The deletion of texts, the changing of clothes and the concealment of the knife were all evidence that pointed towards Magson being a ‘perpetrator’ of a deliberate act, the Crown said.

In the prosecutor’s closing speech, Ms Prior asked jurors: ‘In taking a knife and stabbing James Knight towards his heart, what else, we say to you, could you intend?’

Submitting that the evidence suggested Magson was ‘more than capable’ of working in stressful situations, Ms Prior said defence claims of a borderline personality disorder were only helpful to the jury if they were based on fact.

Urging jurors to examine Magson’s history of ‘aggression’ while drinking, Ms Prior said the defendant had been capable of telling convincing lies to friends, family, neighbours, ambulance staff and police.

Although it was ‘easy and right’ to feel sorry for Magson’s difficult start in life, she had been violent in the past, allegedly ‘throwing a hoover’ at a partner and ‘putting a glass over someone’s head’ in 2012.

Magson, who lived off benefits and worked cash-in-hand on burger vans, was ‘not stupid’ and was hard-working, the Crown said.

Jurors also heard Magson had lied to cover up her involvement in ‘fighting in town’, and used claims of domestic violence as an excuse for not turning up for work.

In her closing speech to the jury, Magson’s QC Clare Wade described Mr Knight’s death as a ‘tragedy for everyone’ – adding her client was entitled in law to defend herself if she believed she was being assaulted.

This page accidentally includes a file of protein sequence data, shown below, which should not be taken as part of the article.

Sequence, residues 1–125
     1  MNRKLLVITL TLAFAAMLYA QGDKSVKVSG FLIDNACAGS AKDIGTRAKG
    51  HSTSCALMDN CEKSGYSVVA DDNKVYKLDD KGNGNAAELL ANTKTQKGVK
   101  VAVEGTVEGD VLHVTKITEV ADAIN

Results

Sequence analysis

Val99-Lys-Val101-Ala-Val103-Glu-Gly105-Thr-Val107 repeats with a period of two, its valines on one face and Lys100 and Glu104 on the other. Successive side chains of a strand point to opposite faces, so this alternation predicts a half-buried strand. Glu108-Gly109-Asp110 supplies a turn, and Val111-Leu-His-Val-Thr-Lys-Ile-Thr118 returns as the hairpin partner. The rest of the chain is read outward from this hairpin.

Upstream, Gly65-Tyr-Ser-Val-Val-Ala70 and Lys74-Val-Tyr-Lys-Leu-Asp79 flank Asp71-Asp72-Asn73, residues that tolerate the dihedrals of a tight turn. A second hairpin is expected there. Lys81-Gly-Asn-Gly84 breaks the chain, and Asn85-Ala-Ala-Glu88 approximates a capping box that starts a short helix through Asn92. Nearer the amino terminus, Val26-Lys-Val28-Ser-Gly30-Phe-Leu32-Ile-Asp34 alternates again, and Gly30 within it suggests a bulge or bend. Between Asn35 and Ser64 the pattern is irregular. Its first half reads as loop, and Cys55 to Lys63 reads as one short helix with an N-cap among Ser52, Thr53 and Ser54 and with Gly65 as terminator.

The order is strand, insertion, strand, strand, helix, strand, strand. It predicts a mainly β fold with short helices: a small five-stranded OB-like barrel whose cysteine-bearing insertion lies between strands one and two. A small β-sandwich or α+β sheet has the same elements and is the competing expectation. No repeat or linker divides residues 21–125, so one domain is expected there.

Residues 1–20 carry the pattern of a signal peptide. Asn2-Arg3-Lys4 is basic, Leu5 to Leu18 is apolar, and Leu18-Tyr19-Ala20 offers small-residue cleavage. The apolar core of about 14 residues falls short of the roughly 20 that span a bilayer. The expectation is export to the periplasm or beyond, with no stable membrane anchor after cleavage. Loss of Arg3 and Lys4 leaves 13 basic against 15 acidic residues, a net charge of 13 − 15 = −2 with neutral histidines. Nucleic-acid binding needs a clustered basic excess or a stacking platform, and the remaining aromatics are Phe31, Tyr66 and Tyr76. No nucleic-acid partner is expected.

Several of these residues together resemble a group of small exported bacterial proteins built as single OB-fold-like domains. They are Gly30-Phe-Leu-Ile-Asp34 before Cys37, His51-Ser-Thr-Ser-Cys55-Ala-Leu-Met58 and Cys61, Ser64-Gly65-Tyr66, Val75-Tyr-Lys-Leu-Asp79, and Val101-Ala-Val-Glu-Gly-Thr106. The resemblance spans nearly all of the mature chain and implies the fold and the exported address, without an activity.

‘If she only did what she honestly thought was necessary, then that would be strong evidence that her use of force was reasonable in the circumstances,’ Ms Wade told the court.

Magson’s lawyers also asserted that Mr Knight, who used cocaine and steroids, had been in a ‘toxic state.’

Ms Wade said: ‘She has always been consistent on one thing – that at the moment she stabbed James Knight he was throttling her in the kitchen.’

Magson won the right to a retrial after claiming her murder conviction was unsafe because evidence about her mental health was not put before the original jury. 

Magson’s lawyers told three senior judges she was suffering from EUPD having endured a childhood which was characterised by exposure to domestic violence and bullying at school.

Launching Magson’s appeal in December 2019, defence Ms Wade QC said her client had a ‘volatile’ relationship with Mr Knight – who was stabbed after kicking at her front door ‘in circumstances where the deceased had been violent to her earlier in the evening’.

She submitted that Magson’s condition ‘substantially impaired her ability to exercise self-control and that the EUPD provides an explanation for her conduct and was a significant contributory factor causing the applicant to stab the deceased’.

That evidence, Ms Wade argued, meant it is ‘more likely than not that at the time of the offence, the appellant was suffering from diminished responsibility’.

Ms Wade also argued Magson was unable to participate fully in her trial, saying her ‘impoverished verbal reasoning skills, EUPD and social communication difficulties’ had ‘compromised’ her ability to properly instruct her lawyers.

Her submissions were opposed by the Crown’s QC, who said the fresh evidence sought to be relied upon could have been obtained before the original trial.

Prosecutors also contended Magson had effectively participated in her first trial and was able to ‘make important decisions affecting the trial process’.

In their judgment granting a retrial, Lord Justice Fulford, Mr Justice William Davis and Mr Justice Johnson said: ‘We are confronted with the situation in which the prosecution and defence psychiatric experts have unequivocally concluded that there is, in their view, a strong basis for the appellant to contend that the correct verdict was manslaughter and not murder.

‘On the evidence now available, we are left in no doubt as to whether the applicant was rightly convicted of murder and it follows that the appeal, on this basis, must be allowed, given this option was not left for the jury’s consideration.’